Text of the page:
Ezra Furman
Transangelic Exodus

(Bella Union)


Ezra Furman has never played by the rules. The 31-year-old has become one of pop’s unlikelier heroes, a performer of rare honesty who gained a sizeable cult following 2013’s ‘Day Of The Dog’ at the very point he was considering giving up music to become a teacher. So it makes a strange kind of sense that ‘Transangelic Exodus’, his fourth solo record and one that’s supposed to launch him towards pop superstardom, is something of a concept album; “a queer outlaw saga” as he puts it.

Gone are the classic rock ‘n’ roll romps of his earlier work, replaced by something darker and more feral. Partly this is down to the subject matter he confronts – fascism, paranoia, and stigmatization are all dissected – and partly due to a desire to do something different. This new mood is evident from the off; the sickly, anxious groove of ‘Driving Down to L.A.’ and the scratchy, sparse orchestration of ‘God Lifts Up The Lonely’ – including a verse entirely in Hebrew – capture a sense of despair and fear that runs through all thirteen tracks.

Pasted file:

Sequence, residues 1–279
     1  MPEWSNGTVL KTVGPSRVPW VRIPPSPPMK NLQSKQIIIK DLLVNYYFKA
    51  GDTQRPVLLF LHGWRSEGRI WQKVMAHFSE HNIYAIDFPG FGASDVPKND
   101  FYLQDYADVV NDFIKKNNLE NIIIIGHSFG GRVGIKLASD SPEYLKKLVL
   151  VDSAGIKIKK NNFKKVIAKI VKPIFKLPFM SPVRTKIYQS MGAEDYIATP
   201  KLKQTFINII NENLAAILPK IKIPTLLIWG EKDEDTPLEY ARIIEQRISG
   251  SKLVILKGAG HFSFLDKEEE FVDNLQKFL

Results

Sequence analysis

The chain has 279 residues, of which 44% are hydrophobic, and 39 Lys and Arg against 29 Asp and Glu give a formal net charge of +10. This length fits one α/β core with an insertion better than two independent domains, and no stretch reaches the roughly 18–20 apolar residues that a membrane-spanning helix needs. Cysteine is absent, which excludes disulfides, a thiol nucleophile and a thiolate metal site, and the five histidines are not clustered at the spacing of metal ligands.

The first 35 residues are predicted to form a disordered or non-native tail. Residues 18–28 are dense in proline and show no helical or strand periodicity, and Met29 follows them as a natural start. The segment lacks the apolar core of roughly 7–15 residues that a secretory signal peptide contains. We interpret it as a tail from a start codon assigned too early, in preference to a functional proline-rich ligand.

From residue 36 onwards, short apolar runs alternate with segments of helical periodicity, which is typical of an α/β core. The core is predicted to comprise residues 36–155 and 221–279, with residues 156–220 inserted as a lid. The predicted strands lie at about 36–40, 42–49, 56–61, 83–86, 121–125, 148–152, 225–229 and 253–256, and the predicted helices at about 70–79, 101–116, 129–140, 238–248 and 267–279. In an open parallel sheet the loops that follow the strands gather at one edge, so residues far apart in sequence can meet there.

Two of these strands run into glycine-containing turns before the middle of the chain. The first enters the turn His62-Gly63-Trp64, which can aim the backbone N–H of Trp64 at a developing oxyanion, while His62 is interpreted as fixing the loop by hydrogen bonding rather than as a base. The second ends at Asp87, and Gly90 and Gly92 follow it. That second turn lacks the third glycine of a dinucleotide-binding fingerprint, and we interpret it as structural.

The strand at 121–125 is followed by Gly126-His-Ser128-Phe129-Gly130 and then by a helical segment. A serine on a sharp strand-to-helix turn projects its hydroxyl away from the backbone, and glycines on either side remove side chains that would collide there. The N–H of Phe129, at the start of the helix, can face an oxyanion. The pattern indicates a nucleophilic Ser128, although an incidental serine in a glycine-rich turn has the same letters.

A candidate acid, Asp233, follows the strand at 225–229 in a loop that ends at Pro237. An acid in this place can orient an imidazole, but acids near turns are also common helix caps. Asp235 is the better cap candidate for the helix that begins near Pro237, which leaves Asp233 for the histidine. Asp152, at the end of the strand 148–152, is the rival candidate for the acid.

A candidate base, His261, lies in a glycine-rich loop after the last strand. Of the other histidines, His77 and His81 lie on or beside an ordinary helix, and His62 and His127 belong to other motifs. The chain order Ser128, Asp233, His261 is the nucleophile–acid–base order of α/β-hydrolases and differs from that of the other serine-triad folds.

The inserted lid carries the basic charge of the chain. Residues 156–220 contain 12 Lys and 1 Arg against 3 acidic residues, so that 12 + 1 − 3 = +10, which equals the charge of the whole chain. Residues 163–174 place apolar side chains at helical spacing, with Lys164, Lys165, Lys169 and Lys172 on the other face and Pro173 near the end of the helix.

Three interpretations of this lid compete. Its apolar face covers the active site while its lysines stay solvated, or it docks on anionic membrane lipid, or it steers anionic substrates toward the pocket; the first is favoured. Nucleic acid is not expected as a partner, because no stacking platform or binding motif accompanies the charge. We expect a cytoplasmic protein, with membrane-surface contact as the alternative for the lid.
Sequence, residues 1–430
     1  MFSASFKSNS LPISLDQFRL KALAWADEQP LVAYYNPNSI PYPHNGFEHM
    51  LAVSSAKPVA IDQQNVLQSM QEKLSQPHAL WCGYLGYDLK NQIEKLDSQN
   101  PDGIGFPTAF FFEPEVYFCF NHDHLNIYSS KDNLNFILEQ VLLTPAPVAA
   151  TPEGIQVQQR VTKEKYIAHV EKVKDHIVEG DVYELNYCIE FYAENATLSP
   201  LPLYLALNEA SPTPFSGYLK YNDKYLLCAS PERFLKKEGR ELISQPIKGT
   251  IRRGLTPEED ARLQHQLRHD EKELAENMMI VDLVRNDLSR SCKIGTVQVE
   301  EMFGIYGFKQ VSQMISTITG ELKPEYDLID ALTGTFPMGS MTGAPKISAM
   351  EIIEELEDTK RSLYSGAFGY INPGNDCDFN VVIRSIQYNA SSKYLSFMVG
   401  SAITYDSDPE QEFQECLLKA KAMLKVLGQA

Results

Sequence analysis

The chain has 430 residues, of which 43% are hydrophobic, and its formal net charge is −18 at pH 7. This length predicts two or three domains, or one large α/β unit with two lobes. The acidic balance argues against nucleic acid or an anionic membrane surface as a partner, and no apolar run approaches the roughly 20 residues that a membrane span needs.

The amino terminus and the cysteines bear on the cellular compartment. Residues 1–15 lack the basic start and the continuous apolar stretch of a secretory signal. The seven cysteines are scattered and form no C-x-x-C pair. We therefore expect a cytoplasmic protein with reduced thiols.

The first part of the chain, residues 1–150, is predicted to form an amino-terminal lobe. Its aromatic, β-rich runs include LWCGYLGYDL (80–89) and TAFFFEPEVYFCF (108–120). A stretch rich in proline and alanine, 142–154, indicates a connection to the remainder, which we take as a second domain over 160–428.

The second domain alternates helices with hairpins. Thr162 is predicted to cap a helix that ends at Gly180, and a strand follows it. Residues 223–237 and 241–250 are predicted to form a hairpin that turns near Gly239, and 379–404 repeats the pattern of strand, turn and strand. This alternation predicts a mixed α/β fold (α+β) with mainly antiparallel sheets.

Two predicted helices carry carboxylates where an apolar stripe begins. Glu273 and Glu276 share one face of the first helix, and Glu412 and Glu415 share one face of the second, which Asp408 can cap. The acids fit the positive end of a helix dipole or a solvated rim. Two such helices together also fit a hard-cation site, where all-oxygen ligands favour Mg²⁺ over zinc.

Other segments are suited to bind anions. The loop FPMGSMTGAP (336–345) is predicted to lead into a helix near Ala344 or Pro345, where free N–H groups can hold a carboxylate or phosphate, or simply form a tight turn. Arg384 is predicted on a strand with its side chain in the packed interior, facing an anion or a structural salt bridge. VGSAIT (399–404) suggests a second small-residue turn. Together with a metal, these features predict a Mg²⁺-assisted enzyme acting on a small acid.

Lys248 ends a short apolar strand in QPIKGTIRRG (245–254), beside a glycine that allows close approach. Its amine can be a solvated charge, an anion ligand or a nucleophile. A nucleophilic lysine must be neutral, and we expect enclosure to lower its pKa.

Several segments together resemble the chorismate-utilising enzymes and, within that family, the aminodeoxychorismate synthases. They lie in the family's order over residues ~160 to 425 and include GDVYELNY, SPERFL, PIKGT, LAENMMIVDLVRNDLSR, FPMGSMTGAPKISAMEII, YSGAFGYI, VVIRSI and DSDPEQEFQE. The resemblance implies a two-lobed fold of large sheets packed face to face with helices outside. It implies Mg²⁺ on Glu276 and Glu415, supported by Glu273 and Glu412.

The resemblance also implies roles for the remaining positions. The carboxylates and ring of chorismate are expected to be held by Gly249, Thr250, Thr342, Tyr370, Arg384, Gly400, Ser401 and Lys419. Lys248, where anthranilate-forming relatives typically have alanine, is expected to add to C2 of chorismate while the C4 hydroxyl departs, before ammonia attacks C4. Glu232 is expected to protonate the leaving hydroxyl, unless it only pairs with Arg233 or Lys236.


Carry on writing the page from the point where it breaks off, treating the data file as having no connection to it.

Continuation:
But Furman sounds defiant too, injustice fuelling his creative fire. “I’m not about to sit here and watch as they suck the blood from my wound” he spits on the opening track, detailing a break for the border with his lover. It’s a wild ride that chimes perfectly with troubled times and cements Furman’s status as a modern pop auteur of some repute.

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